[lit-ideas] de la causa

  • From: Adriano Palma <Palma@xxxxxxxxxx>
  • To: Omar Kusturica <omarkusto@xxxxxxxxx>
  • Date: Fri, 20 Feb 2015 11:40:19 +0000

I am in complete agreement. I am unable to tell what people imagine, or say 
they imagine.
My point is the following:
There are two incompatible statements of facts

S1 there are causal laws (some may be known, some may unknown, all may be 
unknown, and variants of some such)
S2 there are no causal laws (and people fancy them, or invetnt them, or – 
Hume’s suggestions—people are hardwired to interpret some successions as effects

S1 and S2 have non compatible truth values, thence the arguer has to show which 
one is false, or claim that both are false and some other framing of the 
question will be needed.
Now this is a problem of metaphysics, in my view, since no experiment or 
anything empirical will tell me or you whether s1 or s1 is false

bestest

From: Omar Kusturica [mailto:omarkusto@xxxxxxxxx]
Sent: 20 February 2015 13:28
To: Adriano Palma
Subject: Re: criteria

I am well aware of Hume's discussion, and Schopenhauer pretty much thinks the 
same, but let's try not to defer to philosophical authorities too much. It may 
be that the assumption that there are causal laws is one with which we tend to 
approach the nature, but this does not necessarily mean that it is inescapable. 
It seems to me that we are capable of imagining things happening for no reason, 
and a world without uniform causal laws. If one looks for example at the 
Babylonian Enuma Elish creation narrative, it is very difficult to see 
structured causes and effects there. The creation narrative in the Bible draws 
on Enuma Elish but in a simplified way, positing God as the ultimate and only 
cause. The cause-effect assumption might be derived from monotheistic 
religions, not inborn.

O.K.

On Fri, Feb 20, 2015 at 12:15 PM, Adriano Palma 
<Palma@xxxxxxxxxx<mailto:Palma@xxxxxxxxxx>> wrote:
Sorry Omar, Hume if not Kant determined that in pretty clear (or minimally to 
me convincing) fashion.
The existence of causal laws, namely the nomic nature of nature  is, at best, 
assumed by sciences or general knowledge, it is not itself an empirical finding 
of anybody or of any individual.


From: Omar Kusturica [mailto:omarkusto@xxxxxxxxx<mailto:omarkusto@xxxxxxxxx>]
Sent: 20 February 2015 13:05
To: Adriano Palma
Subject: Re: criteria

I am not sure that these examples constitute metaphysical statements. If "vague 
statements" are defined in a non-vague way, the claim that there are vague 
statements could be empirically verifiable. I don't think that it is something 
that can be deduced a priori. So presumably with "causal laws."

O.K.

On Fri, Feb 20, 2015 at 11:43 AM, Adriano Palma 
<Palma@xxxxxxxxxx<mailto:Palma@xxxxxxxxxx>> wrote:
Then, a metaphysical statement can be true (e.g. there are laws, for instance, 
to pick easy cases ‘there are laws of consequence” “ there are causal laws”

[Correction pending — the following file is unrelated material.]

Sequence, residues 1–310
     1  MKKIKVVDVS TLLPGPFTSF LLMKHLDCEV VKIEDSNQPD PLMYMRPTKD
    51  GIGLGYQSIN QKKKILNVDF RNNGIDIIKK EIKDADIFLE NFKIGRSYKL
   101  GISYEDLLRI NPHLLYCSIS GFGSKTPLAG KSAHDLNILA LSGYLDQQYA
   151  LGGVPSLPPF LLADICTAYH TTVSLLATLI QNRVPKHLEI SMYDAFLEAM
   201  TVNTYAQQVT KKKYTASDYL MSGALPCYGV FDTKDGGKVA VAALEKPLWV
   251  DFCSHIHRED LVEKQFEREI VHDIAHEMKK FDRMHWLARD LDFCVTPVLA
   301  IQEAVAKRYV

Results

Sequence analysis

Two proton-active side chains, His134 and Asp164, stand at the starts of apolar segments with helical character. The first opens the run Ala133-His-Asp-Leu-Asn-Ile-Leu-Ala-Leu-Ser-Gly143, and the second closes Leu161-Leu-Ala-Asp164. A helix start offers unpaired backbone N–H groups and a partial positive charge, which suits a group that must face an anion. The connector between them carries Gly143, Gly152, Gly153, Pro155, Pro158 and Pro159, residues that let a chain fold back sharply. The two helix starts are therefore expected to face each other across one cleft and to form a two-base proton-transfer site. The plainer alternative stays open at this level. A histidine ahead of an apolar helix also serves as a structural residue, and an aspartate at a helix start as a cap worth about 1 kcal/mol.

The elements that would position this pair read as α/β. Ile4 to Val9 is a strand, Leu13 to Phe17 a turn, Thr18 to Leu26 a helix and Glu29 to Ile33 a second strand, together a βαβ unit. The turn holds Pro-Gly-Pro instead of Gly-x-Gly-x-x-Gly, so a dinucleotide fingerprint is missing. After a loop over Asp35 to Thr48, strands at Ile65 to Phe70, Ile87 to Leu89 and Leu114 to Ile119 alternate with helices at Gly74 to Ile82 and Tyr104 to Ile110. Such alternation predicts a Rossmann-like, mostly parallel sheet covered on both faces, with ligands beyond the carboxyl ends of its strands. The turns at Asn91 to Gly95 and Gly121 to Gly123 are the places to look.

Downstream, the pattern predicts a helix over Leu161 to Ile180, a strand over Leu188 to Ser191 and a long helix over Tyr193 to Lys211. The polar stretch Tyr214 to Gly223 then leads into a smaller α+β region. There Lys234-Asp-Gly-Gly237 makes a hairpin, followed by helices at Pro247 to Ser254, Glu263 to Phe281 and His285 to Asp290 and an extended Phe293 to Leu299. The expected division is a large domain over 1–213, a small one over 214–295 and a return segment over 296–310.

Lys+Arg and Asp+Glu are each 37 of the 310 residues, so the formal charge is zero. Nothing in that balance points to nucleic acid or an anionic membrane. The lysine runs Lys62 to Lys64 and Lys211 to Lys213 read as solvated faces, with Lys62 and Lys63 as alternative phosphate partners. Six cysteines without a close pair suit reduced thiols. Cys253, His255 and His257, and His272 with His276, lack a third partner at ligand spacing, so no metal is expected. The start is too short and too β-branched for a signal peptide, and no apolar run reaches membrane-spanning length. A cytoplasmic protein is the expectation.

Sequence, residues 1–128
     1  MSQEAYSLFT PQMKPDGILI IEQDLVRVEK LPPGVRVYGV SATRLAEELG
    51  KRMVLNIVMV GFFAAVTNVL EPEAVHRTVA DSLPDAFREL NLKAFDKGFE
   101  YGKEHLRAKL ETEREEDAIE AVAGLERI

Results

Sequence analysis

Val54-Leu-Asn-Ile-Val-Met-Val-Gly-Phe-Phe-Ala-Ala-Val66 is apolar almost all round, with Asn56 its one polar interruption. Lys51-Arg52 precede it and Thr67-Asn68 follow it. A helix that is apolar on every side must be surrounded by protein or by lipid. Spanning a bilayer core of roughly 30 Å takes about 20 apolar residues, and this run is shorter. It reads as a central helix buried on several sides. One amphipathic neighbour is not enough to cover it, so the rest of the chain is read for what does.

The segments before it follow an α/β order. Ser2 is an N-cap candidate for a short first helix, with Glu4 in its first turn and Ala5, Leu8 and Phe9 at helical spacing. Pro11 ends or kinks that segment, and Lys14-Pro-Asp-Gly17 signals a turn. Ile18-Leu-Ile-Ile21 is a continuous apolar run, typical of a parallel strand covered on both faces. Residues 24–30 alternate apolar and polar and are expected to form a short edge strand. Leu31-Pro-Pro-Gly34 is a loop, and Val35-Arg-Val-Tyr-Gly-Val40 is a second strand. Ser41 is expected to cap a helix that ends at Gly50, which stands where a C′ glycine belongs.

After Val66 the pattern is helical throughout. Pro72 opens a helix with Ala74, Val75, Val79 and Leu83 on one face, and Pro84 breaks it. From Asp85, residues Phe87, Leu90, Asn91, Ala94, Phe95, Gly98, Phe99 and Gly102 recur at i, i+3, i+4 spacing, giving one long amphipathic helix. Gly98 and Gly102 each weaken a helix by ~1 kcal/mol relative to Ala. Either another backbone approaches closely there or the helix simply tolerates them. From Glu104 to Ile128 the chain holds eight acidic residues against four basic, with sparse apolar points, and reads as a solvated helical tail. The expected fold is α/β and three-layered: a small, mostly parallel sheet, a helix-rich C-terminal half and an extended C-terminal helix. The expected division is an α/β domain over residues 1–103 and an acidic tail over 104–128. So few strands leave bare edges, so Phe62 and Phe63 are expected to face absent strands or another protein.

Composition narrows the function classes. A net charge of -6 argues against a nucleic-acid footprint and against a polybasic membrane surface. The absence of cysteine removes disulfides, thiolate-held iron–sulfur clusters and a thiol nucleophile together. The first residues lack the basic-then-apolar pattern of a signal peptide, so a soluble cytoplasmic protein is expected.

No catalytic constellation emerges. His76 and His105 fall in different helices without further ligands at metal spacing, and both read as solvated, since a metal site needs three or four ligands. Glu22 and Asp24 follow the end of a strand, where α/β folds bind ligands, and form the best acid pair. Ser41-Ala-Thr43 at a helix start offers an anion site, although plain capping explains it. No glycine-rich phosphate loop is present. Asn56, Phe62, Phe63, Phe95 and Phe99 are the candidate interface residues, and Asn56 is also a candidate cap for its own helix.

“there are vague statements”) none of this is in physics, it may be worthwhile 
that metaphysics, even for Aristotelians, is what comes after physics. Nothing 
ever proposed a verifiability “criterion” that meets its own constraints, let 
alone a minimal of intelligence applied to it. Even Carnap understood it was 
bullshit by empiricist standards, not to mention Quine. Wittgensten, as usual, 
was confused since he had “pictures” and not theories of anything in 
particular. It may be a good ploy to be read non stop by the English department 
and the adverstising companies, who love Wittgenstein, I was told by two 
colleagues


From: lit-ideas-bounce@xxxxxxxxxxxxx<mailto:lit-ideas-bounce@xxxxxxxxxxxxx> 
[mailto:lit-ideas-bounce@xxxxxxxxxxxxx<mailto:lit-ideas-bounce@xxxxxxxxxxxxx>] 
On Behalf Of Omar Kusturica
Sent: 20 February 2015 12:35
To: lit-ideas@xxxxxxxxxxxxx<mailto:lit-ideas@xxxxxxxxxxxxx>
Subject: [lit-ideas] Re: The nothing noths

Hm... surely it is possible to argue that certain statements that purport to be 
metaphysical are actually nonsense without making the sweeping claim that they 
all are. Neither is it necessary to posit the criterion of empirical 
verifiability for statements to be meaningful as the positivists did. (It might 
be argued that statement has to be meaningful in at least some sense in order 
for us to be able to tell whether it expresses an empirically verifiable 
proposition.) Here are some of the possibilities:


A statement in metaphysics [a metaphysical statement, proposition] may have at 
least three values:

1. It may be nonsense -- i.e. an undefined combination of words. (Of course 
this might be the value of a statement in any subject, not just philosophy.)

2. It may be a disguised rule of grammar (PP p. 312) -- rather than the 
statement of fact ("real definition") its author the metaphysician intends it 
to be.

3a. It may be a suggestive picture -- i.e. one that suggests images to us, but 
that takes us no further. The proposition 'It's 5 o'clock on the sun' 
illustrated by "a grandfather clock which points to 5" (PI§ 350), and maybe the 
"questions without answers", are examples of these.
Many such pictures give a false account of the way we use some "sign" or other 
of our language -- i.e. they are a mistaken understanding of the sign's 
"grammar" (The distinction between a sign and its use in the language), e.g. 
the word 'mind' as the name of an invisible object.

3b. Or it may be a way of looking at things -- i.e. speculation that is not 
subject to falsification by anomaly. (Note that some scientific theories are 
also ways of looking at things -- that is, ways of summarizing [organizing] a